Yes, there are really bad movies out there. Admittedly, I'm not super picky, but I know when something falls way flat, which sometimes happens But when people start going nuts about even small details that have been changed, that's when it goes over the top. A good story is a good story, and as a writer, I think I'd be okay with any good story a screenwriter/director could get out of my works.
Today I thought I'd write a short post on how readers play into my editing process, kind of a history of how other people have helped me edit my work. I defined some of the terms for this in my definition post, so hopefully it'll be easy to keep up.
Authors write for themselves. That is an eternal truth. If we didn't, it'd get really annoying very quickly. We write because we love it, because we need it. We live in a world where writing is our escape and our way of understanding the world. However, most authors want to create something bigger out of their work. They want to turn this writing that they so love into something that will have a greater purpose and connect them to the rest of the world.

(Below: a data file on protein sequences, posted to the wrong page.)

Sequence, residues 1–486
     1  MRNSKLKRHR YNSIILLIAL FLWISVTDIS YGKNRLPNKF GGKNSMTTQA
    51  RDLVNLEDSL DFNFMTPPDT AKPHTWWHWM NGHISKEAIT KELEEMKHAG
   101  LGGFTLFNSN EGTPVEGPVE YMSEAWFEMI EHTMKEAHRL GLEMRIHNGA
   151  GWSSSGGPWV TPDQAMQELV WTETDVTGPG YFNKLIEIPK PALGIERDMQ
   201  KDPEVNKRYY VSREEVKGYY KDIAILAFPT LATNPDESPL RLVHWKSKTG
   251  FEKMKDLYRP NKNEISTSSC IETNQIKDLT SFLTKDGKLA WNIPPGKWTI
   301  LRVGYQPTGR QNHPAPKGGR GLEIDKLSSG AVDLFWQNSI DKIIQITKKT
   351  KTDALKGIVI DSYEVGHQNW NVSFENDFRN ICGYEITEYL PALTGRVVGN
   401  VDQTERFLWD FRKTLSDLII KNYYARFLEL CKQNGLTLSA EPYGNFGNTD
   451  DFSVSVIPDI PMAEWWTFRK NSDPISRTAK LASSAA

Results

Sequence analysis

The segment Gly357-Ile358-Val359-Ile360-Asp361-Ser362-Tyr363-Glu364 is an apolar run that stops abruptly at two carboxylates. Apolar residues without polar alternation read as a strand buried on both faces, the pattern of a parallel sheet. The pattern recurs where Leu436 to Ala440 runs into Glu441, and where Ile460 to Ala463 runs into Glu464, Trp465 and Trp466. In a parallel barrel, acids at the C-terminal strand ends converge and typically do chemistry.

That's where readers come in.
I had so much fun with the original Google Asks, I Answer that I decided to turn it into a two-parter. Let's try some new searches, shall we?
What writers play poker with castle?
The ones that buffalo potato elephants. I highly suspect this has something to do with a TV show I don't watch.
What do writers read/are writers reading?
Books. All kinds of books. Books in every genre, especially their genre of choice, books that are good, books that are okay, books that are terrible, booky bookitedy books. Also, articles and magazines and comics and Twitter and blogs and cereal boxes and every possible thing in the world. That is what writers read.